Cellulose nanocrystals (CNCs) are high aspect ratio nanomaterials readily obtained from cellulose microfibrils via strong acid hydrolysis. They feature unique properties stemming from their surface chemistry, their crystallinity, and their three-dimensional structure. CNCs have been exploited in a number of applications such as optically active coatings, nanocomposite materials, or aerogels. CNC size and shape determination is an important challenge and transmission electron microscopy (TEM) is one of the most powerful tools to achieve this goal. Because of the specifics of TEM imaging, CNCs require special attention. They have a low density, are highly susceptible to electron beam damage, and easily aggregate. Specific techniques for both imaging and sampling have been developed over the past decades. In this review, we describe the CNCs, their properties, their applications, and the need for a precise characterization of their morphology and size distribution. We also describe in detail the techniques used to record quality images of CNCs. Finally, we survey the literature to provide readers with specific examples of TEM images of CNCs.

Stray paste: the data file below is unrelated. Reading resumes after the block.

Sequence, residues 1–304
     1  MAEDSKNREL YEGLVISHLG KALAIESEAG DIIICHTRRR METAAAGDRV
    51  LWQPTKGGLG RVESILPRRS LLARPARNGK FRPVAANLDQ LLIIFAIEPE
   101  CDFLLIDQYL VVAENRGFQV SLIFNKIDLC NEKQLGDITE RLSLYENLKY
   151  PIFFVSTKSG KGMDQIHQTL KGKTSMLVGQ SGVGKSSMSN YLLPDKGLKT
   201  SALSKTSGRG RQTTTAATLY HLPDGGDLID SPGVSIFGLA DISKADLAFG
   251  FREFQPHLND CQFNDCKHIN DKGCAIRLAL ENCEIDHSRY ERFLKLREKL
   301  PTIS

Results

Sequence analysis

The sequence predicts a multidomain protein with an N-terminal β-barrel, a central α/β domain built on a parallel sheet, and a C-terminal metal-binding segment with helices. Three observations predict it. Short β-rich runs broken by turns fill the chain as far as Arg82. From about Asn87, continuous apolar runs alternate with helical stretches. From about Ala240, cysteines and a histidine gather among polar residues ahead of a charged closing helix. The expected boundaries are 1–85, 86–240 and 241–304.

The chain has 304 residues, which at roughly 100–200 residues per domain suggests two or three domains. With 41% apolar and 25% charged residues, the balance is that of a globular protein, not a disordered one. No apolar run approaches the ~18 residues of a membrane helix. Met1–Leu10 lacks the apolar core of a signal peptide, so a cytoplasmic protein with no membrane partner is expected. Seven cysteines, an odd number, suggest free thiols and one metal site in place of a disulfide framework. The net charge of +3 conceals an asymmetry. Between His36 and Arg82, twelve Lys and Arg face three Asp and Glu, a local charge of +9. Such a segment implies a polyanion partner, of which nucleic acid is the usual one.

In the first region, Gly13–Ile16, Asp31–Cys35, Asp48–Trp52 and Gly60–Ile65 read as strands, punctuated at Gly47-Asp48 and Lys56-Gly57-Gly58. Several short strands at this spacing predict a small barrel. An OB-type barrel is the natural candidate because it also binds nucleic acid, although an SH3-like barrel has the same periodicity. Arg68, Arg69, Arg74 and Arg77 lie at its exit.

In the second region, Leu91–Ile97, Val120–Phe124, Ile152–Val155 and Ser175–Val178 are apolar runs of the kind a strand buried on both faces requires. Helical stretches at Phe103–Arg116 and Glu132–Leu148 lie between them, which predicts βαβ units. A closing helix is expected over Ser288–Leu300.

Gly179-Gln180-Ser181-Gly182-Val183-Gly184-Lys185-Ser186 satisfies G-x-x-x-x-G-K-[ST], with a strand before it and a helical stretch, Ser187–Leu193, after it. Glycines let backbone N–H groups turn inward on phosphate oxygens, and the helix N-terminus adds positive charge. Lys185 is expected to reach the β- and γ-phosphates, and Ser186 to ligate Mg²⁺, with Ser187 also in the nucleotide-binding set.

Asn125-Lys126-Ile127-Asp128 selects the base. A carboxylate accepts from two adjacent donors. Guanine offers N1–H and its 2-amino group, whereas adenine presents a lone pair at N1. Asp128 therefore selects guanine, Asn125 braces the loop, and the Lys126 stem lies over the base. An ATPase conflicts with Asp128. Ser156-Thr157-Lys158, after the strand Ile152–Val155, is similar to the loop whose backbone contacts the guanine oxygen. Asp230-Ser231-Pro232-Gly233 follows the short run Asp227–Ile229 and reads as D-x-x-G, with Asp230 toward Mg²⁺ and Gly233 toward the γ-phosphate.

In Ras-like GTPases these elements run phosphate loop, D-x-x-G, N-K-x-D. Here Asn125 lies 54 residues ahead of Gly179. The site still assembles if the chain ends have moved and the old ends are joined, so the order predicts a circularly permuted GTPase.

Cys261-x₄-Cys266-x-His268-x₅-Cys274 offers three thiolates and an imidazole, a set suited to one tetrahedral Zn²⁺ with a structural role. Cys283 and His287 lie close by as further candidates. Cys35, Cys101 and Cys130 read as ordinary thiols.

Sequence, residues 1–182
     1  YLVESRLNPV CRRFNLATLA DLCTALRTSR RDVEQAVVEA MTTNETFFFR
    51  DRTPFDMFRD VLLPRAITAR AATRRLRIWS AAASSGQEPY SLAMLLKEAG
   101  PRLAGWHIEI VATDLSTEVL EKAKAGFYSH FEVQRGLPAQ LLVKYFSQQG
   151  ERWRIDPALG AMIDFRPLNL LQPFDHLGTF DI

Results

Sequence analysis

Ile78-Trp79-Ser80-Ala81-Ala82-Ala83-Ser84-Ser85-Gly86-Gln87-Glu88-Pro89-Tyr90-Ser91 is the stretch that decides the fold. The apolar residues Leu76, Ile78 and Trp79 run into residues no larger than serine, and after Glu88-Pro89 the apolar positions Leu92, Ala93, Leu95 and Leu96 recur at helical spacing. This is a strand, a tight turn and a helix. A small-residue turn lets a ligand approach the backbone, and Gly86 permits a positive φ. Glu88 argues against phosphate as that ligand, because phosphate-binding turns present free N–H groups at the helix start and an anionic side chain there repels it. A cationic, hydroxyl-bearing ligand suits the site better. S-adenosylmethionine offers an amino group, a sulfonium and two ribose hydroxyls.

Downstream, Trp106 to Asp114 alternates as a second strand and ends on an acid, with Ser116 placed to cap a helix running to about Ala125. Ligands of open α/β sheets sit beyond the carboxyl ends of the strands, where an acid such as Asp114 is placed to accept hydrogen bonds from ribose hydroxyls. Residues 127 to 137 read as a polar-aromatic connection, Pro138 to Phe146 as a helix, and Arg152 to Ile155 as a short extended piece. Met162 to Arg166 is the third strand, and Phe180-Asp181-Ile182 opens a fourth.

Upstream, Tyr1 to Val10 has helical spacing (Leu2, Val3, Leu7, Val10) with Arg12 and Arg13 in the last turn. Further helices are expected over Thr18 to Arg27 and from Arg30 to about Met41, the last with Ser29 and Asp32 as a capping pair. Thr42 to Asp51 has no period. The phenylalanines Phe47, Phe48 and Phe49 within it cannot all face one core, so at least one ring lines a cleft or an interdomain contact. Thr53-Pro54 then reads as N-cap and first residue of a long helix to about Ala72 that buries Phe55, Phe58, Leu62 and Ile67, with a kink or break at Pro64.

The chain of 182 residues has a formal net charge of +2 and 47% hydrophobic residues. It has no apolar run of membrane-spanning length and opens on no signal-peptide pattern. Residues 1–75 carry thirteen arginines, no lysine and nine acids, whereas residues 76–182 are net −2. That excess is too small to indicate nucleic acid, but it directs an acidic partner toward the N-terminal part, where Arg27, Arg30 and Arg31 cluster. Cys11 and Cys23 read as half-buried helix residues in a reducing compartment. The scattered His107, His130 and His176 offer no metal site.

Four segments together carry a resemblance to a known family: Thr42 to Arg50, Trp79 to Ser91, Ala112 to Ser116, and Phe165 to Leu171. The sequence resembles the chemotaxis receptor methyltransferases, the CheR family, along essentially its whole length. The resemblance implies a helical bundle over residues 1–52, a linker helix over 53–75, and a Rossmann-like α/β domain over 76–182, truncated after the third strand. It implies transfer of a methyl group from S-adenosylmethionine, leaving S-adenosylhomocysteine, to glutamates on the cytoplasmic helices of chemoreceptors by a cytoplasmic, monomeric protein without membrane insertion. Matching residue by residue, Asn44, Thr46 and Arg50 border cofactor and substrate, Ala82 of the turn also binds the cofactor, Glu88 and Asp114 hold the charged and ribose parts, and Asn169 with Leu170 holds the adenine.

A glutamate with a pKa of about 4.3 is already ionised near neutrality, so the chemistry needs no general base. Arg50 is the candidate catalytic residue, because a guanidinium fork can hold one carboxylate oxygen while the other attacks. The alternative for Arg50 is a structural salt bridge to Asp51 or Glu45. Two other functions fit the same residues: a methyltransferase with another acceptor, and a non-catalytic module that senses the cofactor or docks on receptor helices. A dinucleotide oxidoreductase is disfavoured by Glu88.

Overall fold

Part of the book: The Transmission Electron Microscope